As the father of five kids, I take parenting very seriously. I used to read a lot of parenting books when my children were young, but I haven’t read any in recent years until stumbling upon Raising Good Humans by Hunter Clarke-Fields and Carla Naumburg
I didn’t like the workbook-like format and belabored thoughts on mindfulness, but I did enjoy several of the insights, especially as I’m increasingly raising teenagers over toddlers these days.
These are some of the lessons that stood out:
- You literally cannot access the rational part of your brain when your stress response is triggered.
- If you make your body seem less threatening, and speak in a calmer voice instead of yelling, you’ll have a less-stressed child—and you’ll get more cooperation.
- If we’re not fully present with our kids, we miss the chance to attune with their cues about what is happening for them under the surface. We might miss the signal that our children need a hug or help instead of more direction in this moment.
- Parental presence is key to optimizing the chance of your child having a life of well-being and resilience. “When you love someone, the best thing you can offer is your presence. How can you love if you are not there?”
- Instead of learning from the moment, their stress response bypasses the upper parts of the brain and causes children to fight back, talk back, withdraw, or run away. They are not “misbehaving” in these moments, they are experiencing a stress response.
- Feeling compassion for ourselves in no way releases us from responsibility for our actions. Rather, it releases us from the self-hatred that prevents us from responding to our life with clarity and balance.
- “Instead of teaching children how to consider their own needs in relation to the needs of those around them… we force children to do what we want because it seems more efficient, or because we lack the energy or skill to do it differently.”—Oren Jay Sofer
- “The greatest gifts you can give your children are the roots of responsibility and the wings of independence.”—Denis Waitley
- Simplify Schedules: Children (heck, all of us) need free time to balance out their activities, get to know themselves, and feel peaceful.
After first seeing the movie decades ago, I read Catch Me If You Can this month. It was a heck of a story and page-turner for sure. But I had an inkling while reading that it’s just too good, in this case outlandish, to be true.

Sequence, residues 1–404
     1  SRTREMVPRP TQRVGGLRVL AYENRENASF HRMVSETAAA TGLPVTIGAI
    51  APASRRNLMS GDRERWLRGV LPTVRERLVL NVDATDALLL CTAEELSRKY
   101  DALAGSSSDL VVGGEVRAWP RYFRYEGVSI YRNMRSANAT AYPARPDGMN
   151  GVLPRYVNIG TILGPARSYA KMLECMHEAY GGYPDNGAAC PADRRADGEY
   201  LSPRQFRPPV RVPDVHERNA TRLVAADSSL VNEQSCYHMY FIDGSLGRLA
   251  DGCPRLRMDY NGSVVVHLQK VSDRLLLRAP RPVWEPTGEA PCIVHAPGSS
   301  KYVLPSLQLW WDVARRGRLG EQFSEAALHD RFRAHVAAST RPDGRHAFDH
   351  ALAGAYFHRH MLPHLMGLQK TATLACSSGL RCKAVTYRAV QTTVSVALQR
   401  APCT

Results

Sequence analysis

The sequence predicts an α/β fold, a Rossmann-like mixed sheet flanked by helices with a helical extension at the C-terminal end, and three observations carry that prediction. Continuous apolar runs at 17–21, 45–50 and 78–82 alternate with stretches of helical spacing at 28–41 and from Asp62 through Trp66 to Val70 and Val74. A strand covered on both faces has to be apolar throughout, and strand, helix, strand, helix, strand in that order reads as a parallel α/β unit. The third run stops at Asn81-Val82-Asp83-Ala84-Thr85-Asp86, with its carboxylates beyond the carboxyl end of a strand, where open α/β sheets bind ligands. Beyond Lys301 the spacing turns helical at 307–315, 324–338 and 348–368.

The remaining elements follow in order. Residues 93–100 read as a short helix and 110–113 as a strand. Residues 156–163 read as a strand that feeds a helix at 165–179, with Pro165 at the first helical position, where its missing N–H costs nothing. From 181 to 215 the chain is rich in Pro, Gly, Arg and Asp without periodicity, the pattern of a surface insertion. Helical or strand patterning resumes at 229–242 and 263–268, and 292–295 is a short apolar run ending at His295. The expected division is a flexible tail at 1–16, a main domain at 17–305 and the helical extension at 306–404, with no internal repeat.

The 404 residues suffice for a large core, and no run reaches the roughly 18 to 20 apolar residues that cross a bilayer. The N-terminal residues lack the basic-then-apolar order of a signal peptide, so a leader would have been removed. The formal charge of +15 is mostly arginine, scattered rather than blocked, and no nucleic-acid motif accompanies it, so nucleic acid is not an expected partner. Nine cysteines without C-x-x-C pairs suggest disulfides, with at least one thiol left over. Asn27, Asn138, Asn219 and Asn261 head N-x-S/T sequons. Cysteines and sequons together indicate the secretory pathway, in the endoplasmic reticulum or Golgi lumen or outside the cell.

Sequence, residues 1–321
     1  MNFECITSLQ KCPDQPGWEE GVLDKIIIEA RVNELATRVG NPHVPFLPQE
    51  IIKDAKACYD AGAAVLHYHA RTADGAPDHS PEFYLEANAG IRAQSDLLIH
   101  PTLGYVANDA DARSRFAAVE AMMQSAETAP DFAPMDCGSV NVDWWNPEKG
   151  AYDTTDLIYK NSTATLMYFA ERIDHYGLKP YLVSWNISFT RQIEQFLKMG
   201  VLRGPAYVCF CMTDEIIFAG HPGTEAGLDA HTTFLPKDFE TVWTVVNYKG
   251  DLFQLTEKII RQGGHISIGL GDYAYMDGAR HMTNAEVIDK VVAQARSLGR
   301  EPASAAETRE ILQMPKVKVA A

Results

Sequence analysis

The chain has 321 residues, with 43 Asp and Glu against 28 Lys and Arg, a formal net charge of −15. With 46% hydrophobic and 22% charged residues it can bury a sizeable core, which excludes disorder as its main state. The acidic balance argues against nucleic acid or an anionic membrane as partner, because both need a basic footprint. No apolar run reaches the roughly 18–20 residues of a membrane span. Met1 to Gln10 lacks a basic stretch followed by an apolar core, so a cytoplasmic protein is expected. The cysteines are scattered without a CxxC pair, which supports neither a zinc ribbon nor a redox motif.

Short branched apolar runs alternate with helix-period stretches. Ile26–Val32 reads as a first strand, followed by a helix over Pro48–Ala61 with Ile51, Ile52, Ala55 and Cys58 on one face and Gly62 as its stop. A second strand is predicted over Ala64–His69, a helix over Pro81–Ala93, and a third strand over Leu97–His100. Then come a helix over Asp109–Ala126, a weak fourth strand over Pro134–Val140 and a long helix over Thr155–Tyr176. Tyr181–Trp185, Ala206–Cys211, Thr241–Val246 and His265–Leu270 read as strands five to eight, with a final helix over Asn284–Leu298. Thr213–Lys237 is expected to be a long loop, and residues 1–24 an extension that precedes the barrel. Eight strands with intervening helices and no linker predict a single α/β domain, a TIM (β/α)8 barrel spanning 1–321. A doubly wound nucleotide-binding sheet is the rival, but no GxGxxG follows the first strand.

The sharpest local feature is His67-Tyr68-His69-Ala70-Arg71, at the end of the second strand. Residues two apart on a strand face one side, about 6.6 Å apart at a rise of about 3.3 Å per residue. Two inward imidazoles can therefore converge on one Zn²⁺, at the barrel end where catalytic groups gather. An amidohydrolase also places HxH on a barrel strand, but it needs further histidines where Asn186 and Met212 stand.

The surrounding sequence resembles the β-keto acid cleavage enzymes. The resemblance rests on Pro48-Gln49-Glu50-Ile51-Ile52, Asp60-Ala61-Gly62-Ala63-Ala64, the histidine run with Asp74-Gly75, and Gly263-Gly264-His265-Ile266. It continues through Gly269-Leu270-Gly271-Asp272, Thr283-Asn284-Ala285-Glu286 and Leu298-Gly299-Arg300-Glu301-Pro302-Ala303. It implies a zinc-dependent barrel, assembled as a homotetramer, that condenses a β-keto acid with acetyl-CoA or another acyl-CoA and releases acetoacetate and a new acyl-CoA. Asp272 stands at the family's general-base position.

In that way it seems as though author Frank Abagnale conned as many listeners and readers as the reported check and identify fraud he alleges to have committed, according to Wikipedia. Multiple reports state he didn’t come close to cashing $2.5 million in bad checks, that his exploits as a fake pilot, doctor, lawyer, and professor are grossly exaggerated (if not patently false), and that he never evaded police like he claims or worked for the FBI after being caught. “The man is not an imposter, he is a liar,” said one US Attorney General.
For that, I award it ★★★☆☆. These were my favorite passages:
- It’s not how good a check looks but how good the person behind the check looks that influences tellers and cashiers.
- “You’ll learn, Frank, that when you’re up there’re hundreds of people who’ll claim you as a friend. When you’re down, you’re lucky if one of them will buy you a cup of coffee. If I had it to do over again, I’d select my friends more carefully.”
- “It’s not what a man has but what a man is that’s important… As long as a man knows what he is and who he is, he’ll do all right.”
Humans are usually influenced in one of six ways, argues Robert Cialdini in Influence: The Psychology of Persuasion. I suspect there are a lot more subtle and intricate ways to influence, but I think Cialdini certainly covered the highlights in his popular book published in 1984. They are as follows:
- Reciprocity. Humans feel obligated to return favors and gifts, even unwelcome ones—which partially explains why their are so many free samples in life. Hence, giving away something for free is an effective way to influence. You can avoid this influence by distinguishing uninvited gifts from welcome ones. For example, “I didn’t want this free food sample to being with, so I won’t feel obligated in giving you anything in return if I take it. Another thing to beware of are unwelcome concessions; say a door-to-door salesman that asks you to donate a large sum to a cause you aren’t interested in, only to lower the donation amount in the hopes you’ll donate something. The takeaway: Don’t donate unless you want to, not because someone is seemingly compromising. Continue reading…